The title track opens with a traditional brass chorale approach to "We Wish You a Merry Christmas." Then that tune is sent on a merry ride, accompanied by - if you listen closely - Wenceslas, Rudolph, Deck the Halls, and Felice Navidad. "Jolly Old St. Nick" includes a Deck the Hall intro and a hint of Jingle Bells. Jeff Holmes' vibrant trumpet and the flutes provide a beautiful version of Mel Torme's "The Christmas Song." "Frosty"showcases the bones while "Rudolph" is the funkiest ever. George Sovak on tenor treats the Guaraldi tune "Christmas Time Is Here" with the sensitivity it deserves as it segues into "Have Yourself a Merry Little Christmas."
The quality of writing on this CD is as good as it gets. The best example is "Winter Wonderland." Holmes' impressionistic chart and the inspired work of Dave Sporny on euphonium and John Mastroianni on soprano create a thing of beauty from this rather mundane Christmas tune.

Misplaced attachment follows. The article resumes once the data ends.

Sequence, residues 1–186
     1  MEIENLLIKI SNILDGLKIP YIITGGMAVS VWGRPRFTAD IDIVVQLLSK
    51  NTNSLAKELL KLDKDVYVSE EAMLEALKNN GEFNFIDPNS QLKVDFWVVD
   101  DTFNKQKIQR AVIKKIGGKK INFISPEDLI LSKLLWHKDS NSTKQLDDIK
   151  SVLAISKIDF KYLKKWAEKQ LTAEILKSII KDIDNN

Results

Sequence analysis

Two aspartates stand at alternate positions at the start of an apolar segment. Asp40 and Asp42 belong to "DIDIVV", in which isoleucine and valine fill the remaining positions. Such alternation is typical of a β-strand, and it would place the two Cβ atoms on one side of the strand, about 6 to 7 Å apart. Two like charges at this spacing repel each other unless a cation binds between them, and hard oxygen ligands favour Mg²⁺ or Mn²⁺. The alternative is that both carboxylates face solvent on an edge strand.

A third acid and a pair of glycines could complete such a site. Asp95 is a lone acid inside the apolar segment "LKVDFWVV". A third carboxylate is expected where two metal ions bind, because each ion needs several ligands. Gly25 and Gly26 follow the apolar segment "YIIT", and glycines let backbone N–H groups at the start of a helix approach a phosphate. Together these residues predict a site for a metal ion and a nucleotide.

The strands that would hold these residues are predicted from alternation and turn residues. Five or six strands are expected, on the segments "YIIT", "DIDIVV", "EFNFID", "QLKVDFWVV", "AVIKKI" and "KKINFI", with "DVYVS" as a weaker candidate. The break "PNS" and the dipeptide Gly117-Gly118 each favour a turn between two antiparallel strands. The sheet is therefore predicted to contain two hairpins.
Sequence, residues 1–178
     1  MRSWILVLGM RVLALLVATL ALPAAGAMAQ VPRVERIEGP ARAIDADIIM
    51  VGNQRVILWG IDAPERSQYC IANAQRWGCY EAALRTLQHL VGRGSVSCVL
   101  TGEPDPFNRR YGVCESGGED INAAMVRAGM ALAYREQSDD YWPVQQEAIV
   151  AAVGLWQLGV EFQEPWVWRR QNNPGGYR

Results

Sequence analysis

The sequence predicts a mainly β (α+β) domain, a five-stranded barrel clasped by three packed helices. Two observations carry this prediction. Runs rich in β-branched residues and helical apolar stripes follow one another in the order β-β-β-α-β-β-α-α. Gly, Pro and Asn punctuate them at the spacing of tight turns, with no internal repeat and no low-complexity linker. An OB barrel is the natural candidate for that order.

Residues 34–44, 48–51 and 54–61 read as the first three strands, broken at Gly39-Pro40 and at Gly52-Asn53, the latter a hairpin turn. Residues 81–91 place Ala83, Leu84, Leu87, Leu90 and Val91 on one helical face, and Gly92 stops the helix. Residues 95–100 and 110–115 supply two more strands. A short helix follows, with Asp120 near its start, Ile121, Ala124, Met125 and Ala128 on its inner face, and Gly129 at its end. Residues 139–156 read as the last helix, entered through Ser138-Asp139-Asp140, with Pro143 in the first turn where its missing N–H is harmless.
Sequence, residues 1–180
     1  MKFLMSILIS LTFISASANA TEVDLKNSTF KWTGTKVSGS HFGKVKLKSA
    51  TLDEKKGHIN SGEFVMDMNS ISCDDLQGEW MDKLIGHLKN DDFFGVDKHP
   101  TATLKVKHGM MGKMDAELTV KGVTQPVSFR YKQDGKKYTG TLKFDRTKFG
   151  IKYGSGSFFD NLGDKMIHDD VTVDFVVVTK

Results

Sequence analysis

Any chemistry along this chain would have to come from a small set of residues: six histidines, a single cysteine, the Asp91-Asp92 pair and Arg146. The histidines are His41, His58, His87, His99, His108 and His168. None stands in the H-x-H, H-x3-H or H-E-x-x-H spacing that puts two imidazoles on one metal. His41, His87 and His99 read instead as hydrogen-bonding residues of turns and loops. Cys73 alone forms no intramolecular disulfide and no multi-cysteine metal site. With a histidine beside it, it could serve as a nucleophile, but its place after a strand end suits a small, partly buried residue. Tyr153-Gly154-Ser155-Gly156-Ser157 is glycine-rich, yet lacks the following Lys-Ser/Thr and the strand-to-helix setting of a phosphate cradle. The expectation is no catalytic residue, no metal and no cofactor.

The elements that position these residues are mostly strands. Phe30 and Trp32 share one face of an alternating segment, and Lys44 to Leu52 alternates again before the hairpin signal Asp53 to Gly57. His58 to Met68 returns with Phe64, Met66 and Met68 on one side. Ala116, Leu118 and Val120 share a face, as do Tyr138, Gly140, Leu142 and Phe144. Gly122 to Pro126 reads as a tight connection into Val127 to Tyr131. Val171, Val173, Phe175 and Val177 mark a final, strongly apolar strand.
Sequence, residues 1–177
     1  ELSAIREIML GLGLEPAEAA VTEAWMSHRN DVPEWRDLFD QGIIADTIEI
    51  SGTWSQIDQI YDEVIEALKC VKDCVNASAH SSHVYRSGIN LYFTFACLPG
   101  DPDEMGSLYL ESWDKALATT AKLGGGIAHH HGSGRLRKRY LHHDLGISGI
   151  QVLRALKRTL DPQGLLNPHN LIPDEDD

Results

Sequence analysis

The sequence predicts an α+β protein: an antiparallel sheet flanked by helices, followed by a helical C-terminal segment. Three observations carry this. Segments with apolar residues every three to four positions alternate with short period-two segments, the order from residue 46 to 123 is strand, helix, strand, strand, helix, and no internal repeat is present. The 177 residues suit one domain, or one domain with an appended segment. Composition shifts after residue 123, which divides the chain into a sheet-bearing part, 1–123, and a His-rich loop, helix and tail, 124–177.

Often on Christmas, a special present is saved for the last. In this case it's a half hour presentation of the light and lively Ellington/Strayhorn orchestration of the Nutcracker Suite, originally recorded in 1960. For this gift, special thanks are due David Berger. Ellington scholar Berger has spent his career searching for Duke's scores, and transcribing the many that do not exist. Those number over 350, including the Sacred Music - and the Nutcracker. Interviewed in the seventies, cornetist Ruby Braff said of the Nutcracker:"He put it to an Ellington sound, and I think if Tschaikovsky were alive and heard that, he'd love it. He'd say: "What is that wonderful thing? That's beautiful." Well, the New England Jazz Ensemble has freshened up those sugar rum cherries and arabesque cookies especially with those innovative solos that are definitely of today. And if Duke were alive, he'd say: That's beautiful."
Less than 300 shopping days until Christmas! Shop early this year if only for yourself. You'll be well-rewarded by "A Cookin' Christmas."